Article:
Playing it safe in the data centre?

The fight over “shadow IT” — the signing up for cloud services by staff impatient with IT’s slow pace of adding needed technology — may be masking a serious problem: A CIO out of touch with business needs.

CIOs have a legitimate concern with shadow IT and have to learn there’s a place for it in the enterprise as a long as reasonable policy rules are set out. See our recent slide show on this. But IT can’t be an obstacle to everything new.

Which brings me to a recent blog by Gartner’s Mark Raskino, who recalls talking to a couple of “digital leaders” — I take it to mean companies with Internet-related businesses — who alleged that the “current ageing generation of CIOs still don’t really ‘get’ the Web.”

Of course, those in a fast-moving business where competitors can get an advantage with new software or jumping to infrastructure-as-a-service are going to strain at the reins put on by a CIO who worries more about security, playing it safe with known technology, scared of the possible loss of IT staff, and, maybe, his job.

They might be the ones who are fighting “shadow IT” — the signing up for cloud services by impatient line of business workers.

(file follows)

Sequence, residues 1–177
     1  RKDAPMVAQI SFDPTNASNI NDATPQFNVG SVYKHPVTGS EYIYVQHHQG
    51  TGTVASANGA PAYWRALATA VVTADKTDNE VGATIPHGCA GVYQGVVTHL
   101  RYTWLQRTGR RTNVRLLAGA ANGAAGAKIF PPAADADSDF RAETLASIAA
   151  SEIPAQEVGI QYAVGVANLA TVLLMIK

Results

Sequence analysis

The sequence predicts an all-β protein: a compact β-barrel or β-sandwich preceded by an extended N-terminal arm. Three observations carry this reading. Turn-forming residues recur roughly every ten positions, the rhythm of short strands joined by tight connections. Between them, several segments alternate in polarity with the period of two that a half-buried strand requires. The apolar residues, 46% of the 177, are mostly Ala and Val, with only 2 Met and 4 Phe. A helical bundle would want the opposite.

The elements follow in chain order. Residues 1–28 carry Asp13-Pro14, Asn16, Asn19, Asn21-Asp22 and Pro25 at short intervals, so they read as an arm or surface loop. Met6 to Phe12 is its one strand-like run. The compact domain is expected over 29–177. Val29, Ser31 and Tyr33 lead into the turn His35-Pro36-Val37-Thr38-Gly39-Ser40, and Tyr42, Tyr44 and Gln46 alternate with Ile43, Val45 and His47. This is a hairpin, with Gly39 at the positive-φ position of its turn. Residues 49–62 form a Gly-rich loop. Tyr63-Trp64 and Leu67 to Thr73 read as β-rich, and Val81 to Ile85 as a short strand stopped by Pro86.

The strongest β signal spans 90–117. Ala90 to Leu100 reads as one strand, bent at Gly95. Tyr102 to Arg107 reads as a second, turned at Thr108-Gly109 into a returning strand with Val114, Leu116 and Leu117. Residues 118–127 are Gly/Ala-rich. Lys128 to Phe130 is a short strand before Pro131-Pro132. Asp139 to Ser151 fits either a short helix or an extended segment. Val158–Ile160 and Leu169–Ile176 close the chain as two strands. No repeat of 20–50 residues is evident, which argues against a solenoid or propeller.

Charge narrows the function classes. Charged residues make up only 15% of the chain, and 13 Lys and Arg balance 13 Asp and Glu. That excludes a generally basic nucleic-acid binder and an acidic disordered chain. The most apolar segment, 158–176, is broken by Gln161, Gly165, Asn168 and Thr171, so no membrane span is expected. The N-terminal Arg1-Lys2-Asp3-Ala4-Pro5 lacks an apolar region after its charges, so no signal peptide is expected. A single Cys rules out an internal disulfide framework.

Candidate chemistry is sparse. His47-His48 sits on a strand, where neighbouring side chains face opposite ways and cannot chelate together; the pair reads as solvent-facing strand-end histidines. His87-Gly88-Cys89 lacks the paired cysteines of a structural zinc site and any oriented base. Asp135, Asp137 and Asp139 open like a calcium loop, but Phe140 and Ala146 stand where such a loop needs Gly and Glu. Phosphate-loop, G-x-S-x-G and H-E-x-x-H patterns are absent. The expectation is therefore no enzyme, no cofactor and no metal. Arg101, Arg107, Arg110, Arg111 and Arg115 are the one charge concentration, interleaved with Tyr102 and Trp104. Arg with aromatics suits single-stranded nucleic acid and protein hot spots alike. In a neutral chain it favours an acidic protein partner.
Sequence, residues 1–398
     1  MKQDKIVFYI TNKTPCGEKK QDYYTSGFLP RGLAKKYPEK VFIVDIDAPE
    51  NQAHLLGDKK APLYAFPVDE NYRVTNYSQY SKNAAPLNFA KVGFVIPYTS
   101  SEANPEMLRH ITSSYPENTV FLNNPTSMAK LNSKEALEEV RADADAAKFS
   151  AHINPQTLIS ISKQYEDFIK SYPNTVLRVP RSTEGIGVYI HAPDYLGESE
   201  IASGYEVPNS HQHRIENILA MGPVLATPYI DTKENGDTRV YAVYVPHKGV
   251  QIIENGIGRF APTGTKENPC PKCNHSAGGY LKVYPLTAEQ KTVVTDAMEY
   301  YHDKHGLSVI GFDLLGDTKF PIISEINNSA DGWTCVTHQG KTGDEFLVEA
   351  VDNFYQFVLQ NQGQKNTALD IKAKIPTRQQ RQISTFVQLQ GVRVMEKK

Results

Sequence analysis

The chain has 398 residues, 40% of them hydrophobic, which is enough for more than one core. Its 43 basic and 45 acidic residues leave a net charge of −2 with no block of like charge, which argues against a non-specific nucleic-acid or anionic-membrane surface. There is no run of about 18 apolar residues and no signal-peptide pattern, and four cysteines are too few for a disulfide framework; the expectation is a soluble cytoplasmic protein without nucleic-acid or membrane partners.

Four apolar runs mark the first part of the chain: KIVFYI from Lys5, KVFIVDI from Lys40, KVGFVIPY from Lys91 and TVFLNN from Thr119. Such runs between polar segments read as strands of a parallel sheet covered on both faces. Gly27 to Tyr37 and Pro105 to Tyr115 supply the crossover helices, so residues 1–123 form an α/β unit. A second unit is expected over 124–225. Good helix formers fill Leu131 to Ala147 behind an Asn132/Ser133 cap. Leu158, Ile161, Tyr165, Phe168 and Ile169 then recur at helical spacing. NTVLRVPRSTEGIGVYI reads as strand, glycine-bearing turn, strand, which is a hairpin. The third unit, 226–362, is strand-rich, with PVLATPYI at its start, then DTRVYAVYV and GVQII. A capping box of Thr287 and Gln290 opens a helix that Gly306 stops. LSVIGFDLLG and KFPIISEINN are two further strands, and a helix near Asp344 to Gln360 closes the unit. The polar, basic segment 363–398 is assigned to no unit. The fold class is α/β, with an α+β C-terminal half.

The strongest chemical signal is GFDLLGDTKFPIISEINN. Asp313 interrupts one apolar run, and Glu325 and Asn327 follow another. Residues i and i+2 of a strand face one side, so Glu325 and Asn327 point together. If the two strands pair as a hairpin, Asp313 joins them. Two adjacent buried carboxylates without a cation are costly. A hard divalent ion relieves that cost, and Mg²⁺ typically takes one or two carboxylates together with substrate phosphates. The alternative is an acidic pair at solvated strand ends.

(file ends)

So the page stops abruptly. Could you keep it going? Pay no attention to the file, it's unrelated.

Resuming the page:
Raskino isn’t sympathetic.

“I have never believed there’s a good excuse for technology professionals to get stuck on a particular generation of technology thinking,” he writes.  “We would not tolerate an old but still practicing medical doctor using outdated harmful techniques on us would we?  So why should we be comfortable with CIOs applying outdated concepts that might damage our enterprises? If you are a CIO, you have chosen to be a leader in one of the fastest advancing areas of human endeavor.  Keeping up is a professional obligation. Becoming a stick-in-the-mud is not really acceptable.”

So he encourages CIOs that haven’t already done so to get into cloud computing, social networks, mobile apps and data science. “You have the capability to reshape and redefine organizational capabilities,” he writes.

“It’s time to do digital business full force; get with the program or get out of the way.”

Are you Dr. No? Let us know what you think in the comments section below.

Howard Solomon
Howard Solomon
Currently a freelance writer, I'm the former editor of and Computing Canada. An IT journalist since 1997, I've written for several of ITWC's sister publications including and Computer Dealer News. Before that I was a staff reporter at the Calgary Herald and the Brampton (Ont.) Daily Times. I can be reached at hsolomon [@]

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